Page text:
Flu Shots Reduce Influenza Mortality by 31%
Influenza related pediatric fatalities have reached 27 children during the 2019 2020 flu season in the USA
A new study from Australia revealed influenza vaccinations were 31 percent effective in reducing mortality for hospital-related flu cases.
But, if you do get the flu, these researchers found no evidence that the flu vaccine reduced the severity of influenza illness.
This study was published in Clinical Infectious Diseases on January 6, 2020, and was based on over 9,000 patient level-data sets between 2010 - 2017, from 4,038 patients admitted with lab-confirmed influenza to 17 Australian hospitals in the study.
The lead author of this study was Monica L. Nation, Infection and Immunity, Murdoch Children’s Research Institute, Melbourne, Australia, which concluded saying ‘This study reinforces the public health benefit of the influenza immunization program in protecting against mortality, as well as reducing the risk of hospitalization.’
This study’s findings are important to the 2019-2020 flu season in the Northern Hemisphere.
According to the new US Centers for Disease Control and Prevention (CDC) FluView report, there have been 27 pediatric fatalities associated with influenza viruses during the 2019-2020 flu season, as of January 3, 2020.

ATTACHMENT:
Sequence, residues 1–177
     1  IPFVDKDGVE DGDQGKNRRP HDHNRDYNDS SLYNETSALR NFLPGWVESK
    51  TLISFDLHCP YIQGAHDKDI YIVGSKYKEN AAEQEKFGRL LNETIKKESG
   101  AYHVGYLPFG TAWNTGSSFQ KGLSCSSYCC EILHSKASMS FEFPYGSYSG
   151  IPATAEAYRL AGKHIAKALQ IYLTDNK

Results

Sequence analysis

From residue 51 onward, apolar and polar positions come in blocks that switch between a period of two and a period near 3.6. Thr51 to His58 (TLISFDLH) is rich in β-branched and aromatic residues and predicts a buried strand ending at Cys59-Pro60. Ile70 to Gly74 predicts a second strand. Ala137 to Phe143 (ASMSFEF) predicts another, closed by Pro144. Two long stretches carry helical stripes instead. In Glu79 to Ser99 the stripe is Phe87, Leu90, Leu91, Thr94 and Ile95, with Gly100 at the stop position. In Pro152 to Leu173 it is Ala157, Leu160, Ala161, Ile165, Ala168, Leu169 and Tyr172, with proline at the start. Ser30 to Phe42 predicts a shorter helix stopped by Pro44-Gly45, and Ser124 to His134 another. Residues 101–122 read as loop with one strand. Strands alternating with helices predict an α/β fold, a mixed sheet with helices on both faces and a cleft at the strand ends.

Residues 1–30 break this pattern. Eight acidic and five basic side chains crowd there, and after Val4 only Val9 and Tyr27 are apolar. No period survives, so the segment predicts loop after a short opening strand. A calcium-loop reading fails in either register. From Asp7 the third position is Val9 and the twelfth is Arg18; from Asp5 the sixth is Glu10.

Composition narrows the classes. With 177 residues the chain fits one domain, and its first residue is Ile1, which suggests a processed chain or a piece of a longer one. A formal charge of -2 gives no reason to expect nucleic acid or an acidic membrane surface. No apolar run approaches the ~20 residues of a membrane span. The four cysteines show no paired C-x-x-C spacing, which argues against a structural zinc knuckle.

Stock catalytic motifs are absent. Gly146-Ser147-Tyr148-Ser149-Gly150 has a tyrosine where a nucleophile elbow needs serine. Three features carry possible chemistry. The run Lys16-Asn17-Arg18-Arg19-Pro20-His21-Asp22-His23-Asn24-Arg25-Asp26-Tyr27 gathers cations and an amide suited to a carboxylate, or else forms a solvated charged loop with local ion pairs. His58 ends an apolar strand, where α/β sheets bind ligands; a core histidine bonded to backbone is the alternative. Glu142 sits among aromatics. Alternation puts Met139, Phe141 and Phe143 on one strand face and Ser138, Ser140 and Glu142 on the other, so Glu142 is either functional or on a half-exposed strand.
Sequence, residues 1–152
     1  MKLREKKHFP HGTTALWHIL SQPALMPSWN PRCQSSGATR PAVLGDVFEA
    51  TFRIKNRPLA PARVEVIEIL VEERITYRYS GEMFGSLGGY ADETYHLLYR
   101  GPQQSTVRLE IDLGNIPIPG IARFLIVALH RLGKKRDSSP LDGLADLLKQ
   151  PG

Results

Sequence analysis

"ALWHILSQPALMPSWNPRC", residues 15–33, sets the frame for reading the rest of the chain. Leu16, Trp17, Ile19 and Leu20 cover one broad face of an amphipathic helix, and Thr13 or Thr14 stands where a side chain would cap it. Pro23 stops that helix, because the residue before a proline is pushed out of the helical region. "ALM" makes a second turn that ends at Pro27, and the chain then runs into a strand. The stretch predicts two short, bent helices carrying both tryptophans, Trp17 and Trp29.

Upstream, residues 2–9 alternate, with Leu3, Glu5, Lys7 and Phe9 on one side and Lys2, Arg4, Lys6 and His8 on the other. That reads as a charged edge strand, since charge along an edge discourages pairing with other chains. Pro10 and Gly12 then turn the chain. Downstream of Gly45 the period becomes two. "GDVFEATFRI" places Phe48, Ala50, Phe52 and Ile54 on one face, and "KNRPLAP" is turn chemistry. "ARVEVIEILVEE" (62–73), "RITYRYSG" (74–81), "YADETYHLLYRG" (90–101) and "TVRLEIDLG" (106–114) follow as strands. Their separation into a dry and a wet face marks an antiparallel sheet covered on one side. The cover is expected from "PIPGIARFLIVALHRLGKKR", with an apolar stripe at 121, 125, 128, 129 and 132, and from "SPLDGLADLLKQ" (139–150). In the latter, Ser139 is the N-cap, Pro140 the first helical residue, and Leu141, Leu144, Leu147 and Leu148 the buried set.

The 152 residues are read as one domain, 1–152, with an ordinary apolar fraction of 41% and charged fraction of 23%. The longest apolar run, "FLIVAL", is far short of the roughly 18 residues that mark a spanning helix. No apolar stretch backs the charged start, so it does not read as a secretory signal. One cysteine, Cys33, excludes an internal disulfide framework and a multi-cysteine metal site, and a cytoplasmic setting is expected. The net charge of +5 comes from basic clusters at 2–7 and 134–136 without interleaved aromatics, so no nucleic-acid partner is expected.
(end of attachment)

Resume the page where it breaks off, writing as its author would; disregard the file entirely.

The CDC continues to endorse flu shots for most children older than 6 months of age.
A previous CDC’s study findings support this CDC recommendation in reducing pediatric related fatalities.
This study found influenza vaccination was associated with reduced risk of laboratory-confirmed, influenza-associated, pediatric death.
From July 2010 through June 2014, 358 laboratory-confirmed influenza-associated pediatric deaths were reported among children aged 6 months through 17 years. The vaccination status was determined for 291 deaths; 75 (26%) received the vaccine before illness onset.
How well the flu vaccine to prevent flu illness can vary from season to season, says the CDC.
The vaccine’s effectiveness also can vary depending on who is being vaccinated.
During years when the flu vaccine is not well matched to circulating influenza viruses, it is possible that little or no benefit from flu vaccination may be observed.
But, during years when there is a good match between the flu vaccine and circulating viruses, it is possible to measure substantial benefits from flu vaccination in terms of preventing flu illness and complications.
However, even during years when the flu vaccine match is good, the benefits of flu vaccination will vary, depending on various factors like the characteristics of the person being vaccinated, what influenza viruses are circulating that season and even, potentially, which type of flu vaccine was used.
While determining how well a flu vaccine works is challenging, in general, recent studies have supported the conclusion that flu vaccination benefits public health, especially when the flu vaccine is well matched to circulating flu viruses.
A more detailed explanation of U.S. flu burden and burden averted by seasonal flu vaccines is available from CDC’s Flu Burden page.
The CDC says 'vaccination decisions should be part of an ongoing discussion between a provider and patient.'
Flu shot news is published by Precision Vaccinations.